• In a similar fashion, dummy work units can be used to implicitly partition the scheduling queue by assigning properties that relate to aspects of the system operation such as job priority class. In such an embodiment, resource requests and dispositions are only considered based on the state of dummy work units that have matching class attributes. Such embodiments can be used, for example, to implement schemes of resource reservation on shared processing systems by simply creating dummy work units with a specified property attribute and an execution token value that is equal to the total resource allocation on the shared system for the matching class.
  • FIG. 5 is a flowchart of a method for maximizing use of computing resources in a multi-core computing environment, in accordance with an embodiment. As shown in FIG. 5, the method 150 begins at step 152 by implementing all work units of said computing environment in a single queue. Step 154 comprises assigning an execution token to each work unit in the queue. Step 156 comprises allocating an amount of computing resources to each work unit, the amount of computing resources being proportional to a value of the execution token of the corresponding work unit. Step 158 comprises processing work units having non-zero execution tokens using the computing resources allocated to each work unit. Step 160 comprises adjusting the value of the execution token of at least one other work unit in the queue to maximize use of computing resources released by the running work unit, when a running work unit is finished, suspended or blocked.
  • FIG. 6 is flowchart of a method for maximizing use of computing resources in a multi-core computing environment, in accordance with another embodiment. As shown in FIG. 6, the method 180 begins at step 182 by implementing all work units of said computing environment in a single queue having a variable length, said variable length extending between the number of processing cores as a minimum and the number of available work units as a maximum. Step 184 comprises assigning an execution token to each work unit in the queue. Step 186 comprises allocating an amount of computing resources to each work unit, the amount of computing resources being proportional to a value of the execution token of the corresponding work unit. Step 188 comprises setting a priority key different from the execution token to each work unit for prioritizing processing of the work units in the queue. Step 190 comprises inserting newly received work units in the queue based on the priority key associated with each newly received work unit. Step 192 comprises processing work units having non-zero execution tokens using the computing resources allocated to each work unit. Step 194 comprises adjusting the value of the execution token of at least one other work unit in the queue to maximize use of computing resources released by the running work unit when a running work unit is finished, suspended or blocked.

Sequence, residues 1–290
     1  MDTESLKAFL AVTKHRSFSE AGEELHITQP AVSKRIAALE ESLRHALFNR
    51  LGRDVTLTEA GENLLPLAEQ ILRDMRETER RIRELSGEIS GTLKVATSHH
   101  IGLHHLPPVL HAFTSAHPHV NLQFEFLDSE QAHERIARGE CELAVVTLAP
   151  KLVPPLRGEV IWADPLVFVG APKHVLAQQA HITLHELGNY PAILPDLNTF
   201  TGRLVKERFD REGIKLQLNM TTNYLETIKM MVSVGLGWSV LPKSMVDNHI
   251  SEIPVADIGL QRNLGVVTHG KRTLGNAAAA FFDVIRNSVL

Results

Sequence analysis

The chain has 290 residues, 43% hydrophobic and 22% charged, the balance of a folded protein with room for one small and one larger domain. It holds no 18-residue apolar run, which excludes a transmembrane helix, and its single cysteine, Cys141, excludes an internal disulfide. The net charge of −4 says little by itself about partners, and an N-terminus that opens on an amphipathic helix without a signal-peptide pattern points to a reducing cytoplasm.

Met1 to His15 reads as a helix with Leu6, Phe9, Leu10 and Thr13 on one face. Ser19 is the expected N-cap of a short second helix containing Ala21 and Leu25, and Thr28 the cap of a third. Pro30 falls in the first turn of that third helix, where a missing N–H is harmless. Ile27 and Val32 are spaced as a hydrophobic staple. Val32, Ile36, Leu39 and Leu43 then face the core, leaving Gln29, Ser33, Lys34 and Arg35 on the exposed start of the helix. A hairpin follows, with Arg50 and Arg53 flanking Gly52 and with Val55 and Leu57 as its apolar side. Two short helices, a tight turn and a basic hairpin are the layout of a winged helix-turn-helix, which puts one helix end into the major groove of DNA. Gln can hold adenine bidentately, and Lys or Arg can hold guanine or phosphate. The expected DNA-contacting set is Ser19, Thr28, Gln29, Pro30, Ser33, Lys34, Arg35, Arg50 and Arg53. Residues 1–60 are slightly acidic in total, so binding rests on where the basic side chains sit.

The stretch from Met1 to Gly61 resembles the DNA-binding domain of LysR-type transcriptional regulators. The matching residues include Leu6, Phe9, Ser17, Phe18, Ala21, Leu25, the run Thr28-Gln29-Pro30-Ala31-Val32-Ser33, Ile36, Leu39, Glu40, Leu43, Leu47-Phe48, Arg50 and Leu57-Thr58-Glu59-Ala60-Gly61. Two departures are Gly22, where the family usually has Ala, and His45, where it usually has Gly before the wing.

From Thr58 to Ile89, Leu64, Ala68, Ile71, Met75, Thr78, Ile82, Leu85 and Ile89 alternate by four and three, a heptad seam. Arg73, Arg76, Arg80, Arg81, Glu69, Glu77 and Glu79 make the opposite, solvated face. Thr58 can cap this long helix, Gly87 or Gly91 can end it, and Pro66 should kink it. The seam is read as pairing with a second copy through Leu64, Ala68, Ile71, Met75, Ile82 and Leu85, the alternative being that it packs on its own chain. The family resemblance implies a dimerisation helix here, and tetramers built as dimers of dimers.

• While preferred embodiments have been described above and illustrated in the accompanying drawings, it will be evident to those skilled in the art that modifications may be made without departing from this disclosure. Such modifications are considered as possible variants comprised in the scope of the disclosure.

Claims (20)

1. A method for maximizing use of computing resources in a multi-core computing environment, said method comprising:
implementing all work units of said computing environment in a single queue;
assigning an execution token to each work unit in the queue;
allocating an amount of computing resources to each work unit, the amount of computing resources being proportional to a value of the execution token of the corresponding work unit;
processing work units having non-zero execution tokens using the computing resources allocated to each work unit; and
when a running work unit is finished, suspended or blocked, adjusting the value of the execution token of at least one other work unit in the queue based on the amount of computing resources released by the running work unit.
2. The method of claim 1, further comprising setting a minimum length of the queue to be equal to the number of processing cores in the computing environment.
3. The method of claim 2, further comprising setting the maximum length of the queue to be equal to the number of available work units.
4. The method of claim 1, further comprising:
setting a priority key for each work unit in the queue, said priority key being different from the execution token, and having a value representing an execution priority of said work unit in the queue.
5. The method of claim 4 further comprising:
creating a dummy work adapted to consume all computing resources allocated thereto;
setting a variable execution token to said dummy work unit to allocate a variable amount/number of computing resources to said dummy work unit; and
adding said dummy work unit to said queue to consume unused computing resources.
6. The method of claim 5, further comprising setting the lowest priority key to said dummy work unit in the queue, whereby the dummy work unit is only processed when there is a lack of work units in the queue.
7. The method of claim 6, further comprising reducing the execution token of a running dummy work unit when a new work unit is added in the queue.
8. The method of claim 7, further comprising suspending a running dummy work unit when other work units in the queue consume all available computing resources in the computing environment.
9. The method of claim 1, wherein an aggregate value of all execution tokens of all work units is equal to the number of processing cores of said computing environment.
10. The method of claim 9, wherein the value of the execution token is an integer that represents the number of processing cores allocated to the corresponding work unit.